Disruptive weather conditions including thunderstorms have hit India, UK, US and other regions recently, resulting in a loss of lives and property. The influence of global warming is unmistakable in the erratic weather patterns and the catastrophic weather events of recent years and may worsen in the coming days, if the right measures are not put in place along with immediate action. The good news is that governments and companies are cognisant of the situation and are aligning their business goals, vision and mission towards containing and reversing climate change. Adoption of a circular, regenerative and sustainable business model is one such option which we can exercise.
It is important for us to acknowledge that unplanned, unbridled urbanisation and industrialisation may push the Earth faster towards doomsday. Modern business requires the understanding that resources are finite, and that to avoid disruption and other risks, companies must adopt new, circular ways of thinking about how to produce goods and services that are truly sustainable. The need of the hour is to realise that efficient deployment of resources, as well as maintaining systems and components at their highest levels of utility are well worth the time and effort to achieve sustainable growth.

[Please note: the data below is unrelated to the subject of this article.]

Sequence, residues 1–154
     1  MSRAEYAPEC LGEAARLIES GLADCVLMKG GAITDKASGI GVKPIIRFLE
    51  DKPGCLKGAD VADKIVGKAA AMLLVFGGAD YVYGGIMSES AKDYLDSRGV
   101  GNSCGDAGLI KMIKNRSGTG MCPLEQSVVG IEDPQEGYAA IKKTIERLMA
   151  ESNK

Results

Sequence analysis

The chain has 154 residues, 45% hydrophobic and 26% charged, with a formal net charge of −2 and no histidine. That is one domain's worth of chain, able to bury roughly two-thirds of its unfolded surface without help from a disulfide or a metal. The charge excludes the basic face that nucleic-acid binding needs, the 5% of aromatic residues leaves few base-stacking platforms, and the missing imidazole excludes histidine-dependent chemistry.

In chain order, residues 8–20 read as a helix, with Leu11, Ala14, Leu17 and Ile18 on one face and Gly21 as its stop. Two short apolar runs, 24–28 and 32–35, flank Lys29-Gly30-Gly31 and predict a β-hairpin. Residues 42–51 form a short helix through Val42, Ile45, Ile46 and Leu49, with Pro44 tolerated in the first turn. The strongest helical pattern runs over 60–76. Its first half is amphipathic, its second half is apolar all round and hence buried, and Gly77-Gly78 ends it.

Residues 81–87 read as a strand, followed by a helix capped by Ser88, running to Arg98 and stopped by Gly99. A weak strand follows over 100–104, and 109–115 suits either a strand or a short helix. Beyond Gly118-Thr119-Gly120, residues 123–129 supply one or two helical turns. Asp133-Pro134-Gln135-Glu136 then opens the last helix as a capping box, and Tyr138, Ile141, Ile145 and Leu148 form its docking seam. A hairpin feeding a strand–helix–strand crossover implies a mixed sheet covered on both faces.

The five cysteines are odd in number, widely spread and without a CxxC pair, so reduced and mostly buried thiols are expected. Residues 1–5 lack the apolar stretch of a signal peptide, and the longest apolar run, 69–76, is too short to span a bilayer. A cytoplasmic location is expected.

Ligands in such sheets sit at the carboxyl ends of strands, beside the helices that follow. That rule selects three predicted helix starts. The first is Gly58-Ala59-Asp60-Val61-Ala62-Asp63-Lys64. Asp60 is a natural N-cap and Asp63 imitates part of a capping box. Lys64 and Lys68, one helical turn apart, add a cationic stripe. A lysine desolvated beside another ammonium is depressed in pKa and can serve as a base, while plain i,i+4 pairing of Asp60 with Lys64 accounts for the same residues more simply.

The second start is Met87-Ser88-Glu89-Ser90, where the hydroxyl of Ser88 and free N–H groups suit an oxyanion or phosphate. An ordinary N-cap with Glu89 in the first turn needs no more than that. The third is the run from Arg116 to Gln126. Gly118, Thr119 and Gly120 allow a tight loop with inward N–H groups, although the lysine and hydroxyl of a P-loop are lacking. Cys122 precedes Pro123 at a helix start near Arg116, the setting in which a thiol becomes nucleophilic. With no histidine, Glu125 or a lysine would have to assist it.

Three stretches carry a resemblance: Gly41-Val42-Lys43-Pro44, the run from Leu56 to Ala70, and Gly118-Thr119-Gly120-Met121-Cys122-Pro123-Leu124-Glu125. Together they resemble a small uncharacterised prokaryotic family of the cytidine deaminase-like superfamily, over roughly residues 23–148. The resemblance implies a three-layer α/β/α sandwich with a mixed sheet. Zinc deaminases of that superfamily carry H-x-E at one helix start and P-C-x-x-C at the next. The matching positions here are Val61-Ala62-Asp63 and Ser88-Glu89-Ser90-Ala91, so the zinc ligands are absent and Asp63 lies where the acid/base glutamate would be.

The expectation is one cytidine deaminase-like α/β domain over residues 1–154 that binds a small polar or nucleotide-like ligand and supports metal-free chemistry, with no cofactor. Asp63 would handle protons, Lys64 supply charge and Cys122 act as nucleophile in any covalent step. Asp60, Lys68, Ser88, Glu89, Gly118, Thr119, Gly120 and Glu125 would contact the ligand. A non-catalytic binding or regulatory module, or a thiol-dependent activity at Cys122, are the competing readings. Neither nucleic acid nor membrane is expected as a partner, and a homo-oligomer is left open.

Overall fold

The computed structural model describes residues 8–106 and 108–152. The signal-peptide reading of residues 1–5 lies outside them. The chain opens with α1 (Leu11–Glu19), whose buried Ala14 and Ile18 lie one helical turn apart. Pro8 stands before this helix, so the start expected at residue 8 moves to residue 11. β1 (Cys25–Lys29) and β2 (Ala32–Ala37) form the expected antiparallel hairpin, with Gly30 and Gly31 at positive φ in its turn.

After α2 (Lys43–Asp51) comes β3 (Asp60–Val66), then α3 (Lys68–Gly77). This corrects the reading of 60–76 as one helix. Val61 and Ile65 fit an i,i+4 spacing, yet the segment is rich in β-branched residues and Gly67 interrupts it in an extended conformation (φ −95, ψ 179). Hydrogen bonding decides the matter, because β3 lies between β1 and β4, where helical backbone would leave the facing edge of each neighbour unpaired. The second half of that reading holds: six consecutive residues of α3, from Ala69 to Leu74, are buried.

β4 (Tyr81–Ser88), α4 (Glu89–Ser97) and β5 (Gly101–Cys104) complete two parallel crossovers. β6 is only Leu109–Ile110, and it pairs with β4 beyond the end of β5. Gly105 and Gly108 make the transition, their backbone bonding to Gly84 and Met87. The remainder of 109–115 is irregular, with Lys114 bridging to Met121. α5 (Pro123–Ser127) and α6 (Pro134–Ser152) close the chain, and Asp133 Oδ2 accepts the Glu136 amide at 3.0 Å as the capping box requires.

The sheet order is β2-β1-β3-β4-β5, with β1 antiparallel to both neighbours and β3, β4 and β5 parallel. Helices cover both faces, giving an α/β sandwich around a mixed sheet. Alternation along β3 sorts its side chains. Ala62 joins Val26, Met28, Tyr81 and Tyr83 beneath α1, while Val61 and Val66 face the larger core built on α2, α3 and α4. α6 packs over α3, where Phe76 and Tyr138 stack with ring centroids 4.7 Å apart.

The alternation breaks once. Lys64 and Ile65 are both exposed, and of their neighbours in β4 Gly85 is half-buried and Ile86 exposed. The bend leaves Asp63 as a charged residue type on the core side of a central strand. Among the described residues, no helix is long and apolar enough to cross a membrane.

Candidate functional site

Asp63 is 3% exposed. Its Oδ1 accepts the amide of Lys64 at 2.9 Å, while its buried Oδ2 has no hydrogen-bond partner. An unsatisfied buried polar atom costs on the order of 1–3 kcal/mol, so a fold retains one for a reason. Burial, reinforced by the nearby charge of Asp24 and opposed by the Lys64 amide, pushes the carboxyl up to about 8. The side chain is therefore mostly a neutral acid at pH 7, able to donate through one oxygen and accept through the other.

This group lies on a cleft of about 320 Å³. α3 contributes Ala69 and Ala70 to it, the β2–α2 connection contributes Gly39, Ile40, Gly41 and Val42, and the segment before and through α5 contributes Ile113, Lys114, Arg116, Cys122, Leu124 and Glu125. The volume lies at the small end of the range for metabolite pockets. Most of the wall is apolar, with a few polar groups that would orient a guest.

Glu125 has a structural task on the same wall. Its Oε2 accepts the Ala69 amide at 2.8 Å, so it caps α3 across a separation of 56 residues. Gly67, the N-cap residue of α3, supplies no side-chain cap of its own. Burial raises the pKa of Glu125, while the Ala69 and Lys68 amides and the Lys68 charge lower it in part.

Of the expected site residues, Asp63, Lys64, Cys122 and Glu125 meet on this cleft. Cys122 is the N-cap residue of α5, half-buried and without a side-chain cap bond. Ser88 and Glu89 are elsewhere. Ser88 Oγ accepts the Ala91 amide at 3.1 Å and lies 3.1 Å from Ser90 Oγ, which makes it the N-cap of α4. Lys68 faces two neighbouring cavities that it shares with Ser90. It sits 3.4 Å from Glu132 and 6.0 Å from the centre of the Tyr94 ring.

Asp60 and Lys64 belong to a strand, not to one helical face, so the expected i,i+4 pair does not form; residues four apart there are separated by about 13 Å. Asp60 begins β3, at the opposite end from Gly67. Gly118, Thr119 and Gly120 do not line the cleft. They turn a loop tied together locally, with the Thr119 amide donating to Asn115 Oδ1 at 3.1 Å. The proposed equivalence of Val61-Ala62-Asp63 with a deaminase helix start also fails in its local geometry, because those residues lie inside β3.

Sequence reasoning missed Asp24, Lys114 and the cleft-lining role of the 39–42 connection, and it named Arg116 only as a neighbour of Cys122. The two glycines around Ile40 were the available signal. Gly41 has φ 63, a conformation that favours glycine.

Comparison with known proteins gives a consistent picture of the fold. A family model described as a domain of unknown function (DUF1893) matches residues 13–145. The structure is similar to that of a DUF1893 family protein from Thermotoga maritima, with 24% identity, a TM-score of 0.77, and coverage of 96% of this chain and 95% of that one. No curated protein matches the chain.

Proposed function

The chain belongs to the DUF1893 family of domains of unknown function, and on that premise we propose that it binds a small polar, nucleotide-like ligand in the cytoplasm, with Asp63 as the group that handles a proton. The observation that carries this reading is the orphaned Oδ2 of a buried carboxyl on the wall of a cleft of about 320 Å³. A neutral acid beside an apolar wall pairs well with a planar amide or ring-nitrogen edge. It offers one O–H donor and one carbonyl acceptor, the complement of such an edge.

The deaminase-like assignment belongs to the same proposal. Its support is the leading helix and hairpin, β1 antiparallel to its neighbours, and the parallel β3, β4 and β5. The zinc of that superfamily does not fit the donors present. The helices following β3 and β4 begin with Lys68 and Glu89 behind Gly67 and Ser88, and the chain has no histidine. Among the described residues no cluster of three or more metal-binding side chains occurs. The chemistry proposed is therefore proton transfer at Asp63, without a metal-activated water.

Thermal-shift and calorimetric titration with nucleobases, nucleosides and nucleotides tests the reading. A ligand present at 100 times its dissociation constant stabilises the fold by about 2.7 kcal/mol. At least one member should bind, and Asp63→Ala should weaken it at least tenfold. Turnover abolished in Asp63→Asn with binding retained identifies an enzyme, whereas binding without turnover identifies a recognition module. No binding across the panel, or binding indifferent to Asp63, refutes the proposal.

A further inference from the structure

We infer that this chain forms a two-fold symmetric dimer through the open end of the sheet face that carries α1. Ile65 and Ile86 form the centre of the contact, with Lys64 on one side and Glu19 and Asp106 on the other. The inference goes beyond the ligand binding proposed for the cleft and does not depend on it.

Moving to a circular economic model requires a tremendous shift in thinking, away from a sole focus on the financial implications of business to one that considers long-term sustainability. In a circular economic model, systems, procedures, facilities, and practices are created and managed in such a way that they can continue indefinitely, without exhausting the natural resources upon which they depend. At the same time, achieving positive ROI (return on investment) remains important in this model, but it is joined by the imperative to use natural resources responsibly. The model advocates the 5R approach — repair, reuse, refurbish, remanufacture and recycle — that goes beyond the traditional 3R’s (reduce, recycle and reuse) of linear economic thinking.
Sustainability and savings
Striving to ensure that resources are used as efficiently as possible, and ensuring that anything of value is put back into the larger cycle rather than being prematurely discarded, is logical on almost any level and in almost any time frame.